Anna is one of 60.5 percent of political science degree-holders from UNC with a job six months after graduation — she makes $144,000 annually.
Anna is a sugar baby on SeekingArrangement.
Anna, as she’s known on the site, wanted to be a congressional staffer in Washington, D.C. She thought she would be a sugar baby until she found internships, but said this career was something she “fell in love with” throughout her college and post-grad years.
College students in the U.S. make up over 12.5 percent of the sugar babies on the site. Although gender is unspecified in the data released by SeekingArrangement in 2019, the site claims 514 UNC students were using its services. UNC was named the 18th fastest growing campus for sugar baby enrollment, with 142 new members in 2018.
While at UNC, Anna was a Carolina Covenant scholar, which promises a graduation free of student loans through grants, scholarships and work-study jobs. Hailing from a low-income background is a necessity to be a Carolina Covenant scholar, but expenses piled on top of tuition, and Anna found herself relying on the “allowance” from sugar daddies.
“I focus on long-term relationships so I don’t have to worry about where my next paycheck is coming from,” Anna said. “I get a level of trust and emotional connection. I find it more enjoyable.”
Right now, Anna has three sugar daddies. She sees the primary one weekly, and the other two men between two and three times every month. At the start of the month, the men pay her. She’s able to stay on top of her bills and ensure the men requesting her time will have it.
Anna, like all other anonymous UNC-affiliated sugar babies interviewed, has sex with her sugar daddies.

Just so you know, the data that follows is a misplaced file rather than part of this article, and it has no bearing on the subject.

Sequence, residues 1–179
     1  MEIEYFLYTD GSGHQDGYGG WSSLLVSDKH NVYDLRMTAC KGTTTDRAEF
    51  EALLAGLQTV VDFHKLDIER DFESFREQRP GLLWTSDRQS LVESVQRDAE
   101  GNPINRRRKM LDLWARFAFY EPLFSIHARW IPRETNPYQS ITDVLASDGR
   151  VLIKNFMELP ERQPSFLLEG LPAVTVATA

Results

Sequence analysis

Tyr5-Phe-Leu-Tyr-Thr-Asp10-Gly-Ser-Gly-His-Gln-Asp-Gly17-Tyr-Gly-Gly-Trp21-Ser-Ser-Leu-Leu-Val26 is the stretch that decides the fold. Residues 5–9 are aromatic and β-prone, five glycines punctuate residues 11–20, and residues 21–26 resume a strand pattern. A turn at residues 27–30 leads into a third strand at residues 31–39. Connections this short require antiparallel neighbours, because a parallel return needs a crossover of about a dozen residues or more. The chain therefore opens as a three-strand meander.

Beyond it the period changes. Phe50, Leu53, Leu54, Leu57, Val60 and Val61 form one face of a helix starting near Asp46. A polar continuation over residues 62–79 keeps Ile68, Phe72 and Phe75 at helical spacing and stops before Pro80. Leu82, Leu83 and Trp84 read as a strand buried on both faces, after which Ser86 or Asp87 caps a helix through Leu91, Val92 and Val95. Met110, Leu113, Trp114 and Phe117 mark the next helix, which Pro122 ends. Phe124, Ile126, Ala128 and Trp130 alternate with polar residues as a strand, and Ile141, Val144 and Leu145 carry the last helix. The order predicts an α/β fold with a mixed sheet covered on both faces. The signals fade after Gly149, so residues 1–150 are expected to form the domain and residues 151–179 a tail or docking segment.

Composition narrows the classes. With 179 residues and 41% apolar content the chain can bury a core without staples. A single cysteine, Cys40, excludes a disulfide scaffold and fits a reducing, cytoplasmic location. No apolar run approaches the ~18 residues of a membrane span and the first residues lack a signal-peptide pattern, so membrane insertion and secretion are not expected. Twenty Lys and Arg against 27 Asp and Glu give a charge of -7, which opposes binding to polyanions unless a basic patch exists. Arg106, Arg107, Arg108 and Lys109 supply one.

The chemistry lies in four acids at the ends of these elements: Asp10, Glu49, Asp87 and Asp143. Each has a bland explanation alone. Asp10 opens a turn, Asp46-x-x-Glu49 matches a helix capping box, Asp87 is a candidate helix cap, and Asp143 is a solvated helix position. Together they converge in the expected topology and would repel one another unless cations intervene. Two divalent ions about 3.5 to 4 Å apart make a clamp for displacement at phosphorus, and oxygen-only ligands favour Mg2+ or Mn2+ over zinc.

North Carolina law defines prostitution as engaging in, offering or agreeing to sexual activity for money or payment. SeekingArrangment explicitly prohibits prostitution in its bylaws. However, Anna and many other sugar babies said sex is expected by a majority of men on the site.
The average student sugar baby earns $3,000 each month, according to a SeekingArrangement press release. While Anna is earning $12,000 monthly, another sugar baby currently enrolled at UNC was paid $500 every two weeks. Ellie — her sugar baby name — would fly up to New York every two or three weeks to spend time with her sugar daddy.
Once at his house, she would play with his dogs, have dinner with him and engage in consensual, sexual relations. After six months, they mutually ended their arrangement and Ellie stopped sugaring. Ellie’s $6,500 is sitting in a savings account, untouched.
Only a few months after starting school as an out-of-state student, both of Ellie’s parents lost their jobs. She re-activated an account she made as a joke in high school and began searching for men who could help pay the annual $52,026 cost of attendance for out-of-state students.
“Before going into this, I had this picture in my mind of, ‘Oh, I don’t have to sleep with them, I just have to meet with them and talk to these grandpas,’ which isn’t the case,” Ellie said.
Although Ellie was surprised at the amount of men willingly admitting to wanting a physical relationship, SeekingArrangement prides itself on being a place “where people are direct with one another and stop wasting time.”
If an individual considers himself to be a sugar daddy, he must pay for a subscription service, whereas sugar babies maintain their profile at no cost.